It’s no secret that the air quality in homes can affect an occupant’s health. Realtors® have been working with purchase contract contingencies concerning radon tests, mold and indoor air quality tests for years. Now based on research done by the EPA’s Office of Research and Development studies have found levels of about a dozen common organic pollutants to be two to five times higher inside homes than outside of the home, regardless of whether the homes were located in rural or highly industrial areas.
Toxins such as Volatile Organic Compounds (VOC’s) can enter a home or workplace from paint, flooring, stains, varnishes, plywood, carpeting, insulation and other building products used in their construction or remodeling process. These substances are released into the air through a process called off-gassing. The off-gassing can continue for years and affect the health of the homeowner or occupants long after the construction has been completed, or the updates to the home, or building have been made. Today’s more airtight homes actually work to seal some of these substances in, rather than allowing fresh air exchanges to dilute or dissipate the off-gassing.
Who would think that when a home seller is doing the common things to get their home ready to sell, like adding a fresh coat of interior paint, new cabinets or countertops, installing new carpets or adding insulation; they may actually be creating a higher risk of off-gassing and indoor pollutants in the home? When preparing for a new baby homeowners many times will choose to put a fresh coat of paint in a bedroom, install new carpets, and purchased new nursery furniture to convert the bedroom into a sparkling new nursery? In reality the new parents maybe creating a greater health risks for their newborn rather than minimizing it.
The average adult breathes approximately 13,000 liters of air each day, along with whatever VOC’s and other pollutants happen to be in the air. People’s immune systems work to protect them from harmful toxins that they encounter. But the human immune system can only handle so much. Eventually if a person’s body overloads with too many harmful substances the immune system cannot keep up and the body suffers. Once in a person’s system, VOCs are stored in body fat and can lead to serious health problems over an extended time period. The EPA has estimated that indoor air pollutions adversely affect thousands of people each year. Effects from over exposure to radon gas alone causes over 14,000 deaths annually. Many other commonly used compounds in manufacturing can also be known carcinogens and some of their uses are not presently regulated. Indoor air quality has become a significant health concern in the United States.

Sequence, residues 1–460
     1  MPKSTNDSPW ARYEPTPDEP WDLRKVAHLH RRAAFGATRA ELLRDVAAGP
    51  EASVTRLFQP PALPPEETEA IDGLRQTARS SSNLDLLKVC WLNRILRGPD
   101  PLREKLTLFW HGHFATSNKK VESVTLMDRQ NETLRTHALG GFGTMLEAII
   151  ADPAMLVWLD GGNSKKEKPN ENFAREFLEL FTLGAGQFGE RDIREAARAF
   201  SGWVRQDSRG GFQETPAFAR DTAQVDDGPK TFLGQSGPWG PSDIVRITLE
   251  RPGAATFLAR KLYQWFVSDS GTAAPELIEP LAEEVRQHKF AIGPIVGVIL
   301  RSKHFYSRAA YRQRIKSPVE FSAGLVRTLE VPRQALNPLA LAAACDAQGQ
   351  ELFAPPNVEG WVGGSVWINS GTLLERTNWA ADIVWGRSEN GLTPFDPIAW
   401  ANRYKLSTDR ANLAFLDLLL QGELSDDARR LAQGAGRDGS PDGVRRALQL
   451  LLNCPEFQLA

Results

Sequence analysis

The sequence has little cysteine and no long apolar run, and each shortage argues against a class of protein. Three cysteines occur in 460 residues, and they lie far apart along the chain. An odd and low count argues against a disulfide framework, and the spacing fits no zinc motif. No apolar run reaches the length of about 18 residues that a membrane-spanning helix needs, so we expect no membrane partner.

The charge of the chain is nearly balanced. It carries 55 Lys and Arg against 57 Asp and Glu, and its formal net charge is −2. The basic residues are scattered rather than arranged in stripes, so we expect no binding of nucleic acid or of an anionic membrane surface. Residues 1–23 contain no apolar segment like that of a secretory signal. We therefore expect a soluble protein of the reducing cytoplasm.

Many U.S. building materials manufacturers have also made changes in their manufacturing processes in order to eliminate VOC’s and off-gassing from their products. In everything from adhesives, sealants, drywall, paints, carpets, manufactured doors, cabinets, windows and insulation products, changes have been, made to make the end user product VOC free. Owens Corning one of the U.S. largest insulation manufacturers, (you know the people with the Pink Panther) has spent millions of dollars retrofitting their plants so they are now able to produce a fiber insulation that is a 99% natural product, made with 58 percent recycled content which is formaldehyde free. Owens Corning’s formaldehyde free insulation is marketed under the name Eco-Touch® PINK®FIBERGLAS™ Insulation.
Home builders these days are also keenly aware of the problems of off-gassing and many take proactive steps in their construction process to minimize hazards from indoor air pollutants. They do this by using construction materials and products that are VOC free and having their HVAC contractors install furnaces and air handling equipment that provide adequate filtration and indoor air exchanges in the home.
For any new construction questions you might have contact Jim with Nebraska Realty Builder Services at James@NebraskaRealty.com